A family heads to an isolated hotel for the winter where an evil and spiritual presence influences the father into violence, while his psychic son sees horrific forebodings from the past and of the future.
A troupe of struggling stage actors is rehearsing for a small-town production of a play. Everything seems to be as it should until one of the cast members turns up dead. In a panic, the ... See full summary »
A young man tries to help a teenage European girl whom escaped from a clinic hospital after witnessing the murder of her parents by a serial killer and they try to find the killer before the killer finds them.
An elderly heiress is killed by her husband who wants control of her fortunes. What ensues is an all-out murder spree as relatives and friends attempt to reduce the inheritance playing ... See full summary »
Young poetess Rose Elliot buys a book from a local antique dealer, a diary in Latin of an architect, E. Varelli. She learns of the Three Mothers, and believes her apartment building is one of their houses. She pleads her brother Mark, who is studying musicology in Rome, to come, because she is afraid. Mark's friend Sara reads her letter, which he left behind in class, and discovers the school is run by the Mater Lacrimarum, and is killed for this knowledge. The house of Mater Suspiriorum has already been destroyed, and by the time Mark arrives in New York City, he is investigating his sister's murder. Written by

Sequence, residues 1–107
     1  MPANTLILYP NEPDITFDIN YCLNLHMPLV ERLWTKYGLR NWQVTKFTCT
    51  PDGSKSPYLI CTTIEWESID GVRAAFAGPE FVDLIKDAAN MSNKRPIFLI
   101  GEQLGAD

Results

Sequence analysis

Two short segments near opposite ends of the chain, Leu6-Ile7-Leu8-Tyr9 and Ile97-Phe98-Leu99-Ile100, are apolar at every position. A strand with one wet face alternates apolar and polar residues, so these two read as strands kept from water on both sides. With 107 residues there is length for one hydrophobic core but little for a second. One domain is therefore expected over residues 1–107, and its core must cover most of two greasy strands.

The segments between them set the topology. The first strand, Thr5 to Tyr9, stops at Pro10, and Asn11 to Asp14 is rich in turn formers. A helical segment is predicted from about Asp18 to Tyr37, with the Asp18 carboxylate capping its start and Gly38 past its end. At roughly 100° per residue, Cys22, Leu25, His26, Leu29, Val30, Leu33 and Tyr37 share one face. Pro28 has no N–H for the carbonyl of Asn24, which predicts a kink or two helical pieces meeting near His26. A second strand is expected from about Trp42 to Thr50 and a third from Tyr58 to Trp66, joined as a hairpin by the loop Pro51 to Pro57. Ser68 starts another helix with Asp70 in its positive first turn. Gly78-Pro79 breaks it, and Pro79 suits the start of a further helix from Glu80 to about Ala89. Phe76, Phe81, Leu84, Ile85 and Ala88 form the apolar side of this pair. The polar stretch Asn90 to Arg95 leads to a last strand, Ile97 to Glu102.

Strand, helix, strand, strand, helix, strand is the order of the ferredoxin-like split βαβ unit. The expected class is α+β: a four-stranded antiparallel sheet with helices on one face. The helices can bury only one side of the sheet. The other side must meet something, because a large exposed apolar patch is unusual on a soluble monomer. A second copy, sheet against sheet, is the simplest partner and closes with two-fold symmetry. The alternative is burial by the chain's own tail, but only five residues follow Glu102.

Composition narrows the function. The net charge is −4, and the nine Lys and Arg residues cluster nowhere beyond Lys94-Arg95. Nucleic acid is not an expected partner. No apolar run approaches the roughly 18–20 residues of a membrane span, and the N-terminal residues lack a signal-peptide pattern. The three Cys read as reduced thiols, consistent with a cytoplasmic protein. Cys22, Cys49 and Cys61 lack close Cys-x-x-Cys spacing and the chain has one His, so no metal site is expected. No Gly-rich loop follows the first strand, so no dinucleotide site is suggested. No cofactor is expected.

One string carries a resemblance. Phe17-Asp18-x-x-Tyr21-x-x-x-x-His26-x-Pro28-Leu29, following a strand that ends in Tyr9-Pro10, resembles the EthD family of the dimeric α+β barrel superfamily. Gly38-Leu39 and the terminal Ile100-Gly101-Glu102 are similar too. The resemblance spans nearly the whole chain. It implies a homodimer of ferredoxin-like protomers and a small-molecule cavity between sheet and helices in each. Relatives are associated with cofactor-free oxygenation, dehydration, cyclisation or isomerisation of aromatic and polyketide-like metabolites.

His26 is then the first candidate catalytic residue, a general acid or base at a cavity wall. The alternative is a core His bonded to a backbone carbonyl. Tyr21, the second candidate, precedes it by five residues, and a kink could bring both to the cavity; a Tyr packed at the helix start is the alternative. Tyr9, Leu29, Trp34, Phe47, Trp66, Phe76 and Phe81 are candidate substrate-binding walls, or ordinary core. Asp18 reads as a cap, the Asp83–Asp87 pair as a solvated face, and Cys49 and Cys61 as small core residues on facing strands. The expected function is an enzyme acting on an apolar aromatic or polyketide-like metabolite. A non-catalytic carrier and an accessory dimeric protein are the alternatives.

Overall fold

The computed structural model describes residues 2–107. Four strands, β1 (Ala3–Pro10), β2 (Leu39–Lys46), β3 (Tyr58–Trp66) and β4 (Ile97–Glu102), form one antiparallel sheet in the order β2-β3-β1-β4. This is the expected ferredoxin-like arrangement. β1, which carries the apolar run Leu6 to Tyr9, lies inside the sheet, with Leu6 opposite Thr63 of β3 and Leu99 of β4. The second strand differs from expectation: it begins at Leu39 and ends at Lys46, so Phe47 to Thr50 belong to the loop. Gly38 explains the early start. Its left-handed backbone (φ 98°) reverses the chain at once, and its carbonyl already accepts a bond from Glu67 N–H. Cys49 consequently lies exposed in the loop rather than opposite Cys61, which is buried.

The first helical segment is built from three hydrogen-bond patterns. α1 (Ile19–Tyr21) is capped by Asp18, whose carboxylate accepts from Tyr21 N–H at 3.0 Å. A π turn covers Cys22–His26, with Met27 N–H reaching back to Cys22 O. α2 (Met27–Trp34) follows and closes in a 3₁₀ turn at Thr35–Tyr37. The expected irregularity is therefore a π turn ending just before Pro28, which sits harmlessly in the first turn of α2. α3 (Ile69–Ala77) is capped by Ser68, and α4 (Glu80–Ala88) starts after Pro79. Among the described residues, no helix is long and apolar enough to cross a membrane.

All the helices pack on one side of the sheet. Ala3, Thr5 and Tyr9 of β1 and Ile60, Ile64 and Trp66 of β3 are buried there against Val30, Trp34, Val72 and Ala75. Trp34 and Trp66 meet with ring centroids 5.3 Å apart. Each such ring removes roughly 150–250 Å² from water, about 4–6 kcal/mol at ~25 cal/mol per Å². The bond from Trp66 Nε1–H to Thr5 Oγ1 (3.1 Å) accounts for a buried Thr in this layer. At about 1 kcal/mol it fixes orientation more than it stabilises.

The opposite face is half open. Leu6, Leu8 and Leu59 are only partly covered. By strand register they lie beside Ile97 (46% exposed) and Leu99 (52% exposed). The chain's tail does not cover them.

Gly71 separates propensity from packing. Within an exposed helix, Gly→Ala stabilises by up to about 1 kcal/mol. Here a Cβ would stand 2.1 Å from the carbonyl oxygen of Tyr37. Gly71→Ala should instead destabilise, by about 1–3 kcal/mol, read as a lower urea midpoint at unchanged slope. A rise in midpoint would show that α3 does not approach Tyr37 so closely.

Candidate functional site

Scott Hutchins <firstname.lastname@example.org>
English film critic Kim Newman once called 'Inferno' the most underrated horror film of the 1980's. See more »
The scene at Central Park takes place during a lunar eclipse. However, the eclipse mimics the aesthetic characteristics of a solar eclipse with the Moon being completely blacked out, surrounded by a corona, just as if something had moved between Earth and Moon. However a real lunar eclipse doesn't appear to be pitch black but as a dark reddish layer and there certainly isn't a corona which is a feature of the sun. See more »
[Reading from "The Three Mothers," by E. Varelli]
I do not know what price I shall have to pay for breaking what we alchemists call Silentium, the life experiences of our colleagues should warn us not to upset laymen by imposing our knowledge upon them.
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Dario Argento is a master of his genre, no doubt about that, but his script here is pure hokum. The film has a number of striking images (the mysterious beauty that appears out of nowhere in the classroom; the drapes being slowly ripped apart by the nails of a stabbed-to-death woman; the close-up of Daria Nicolodi's lips; the pursuer at the library's basement, whose face remains in the dark, but whose hands are clearly not human), and a very peculiar architectural design, with secret passages leading to all sorts of hidden rooms to other passages to other rooms....However, as many others have said, the film is best approached as a dream, because the plot is incoherent and there are several scenes that run on too long. It does get better on the second viewing. (**)
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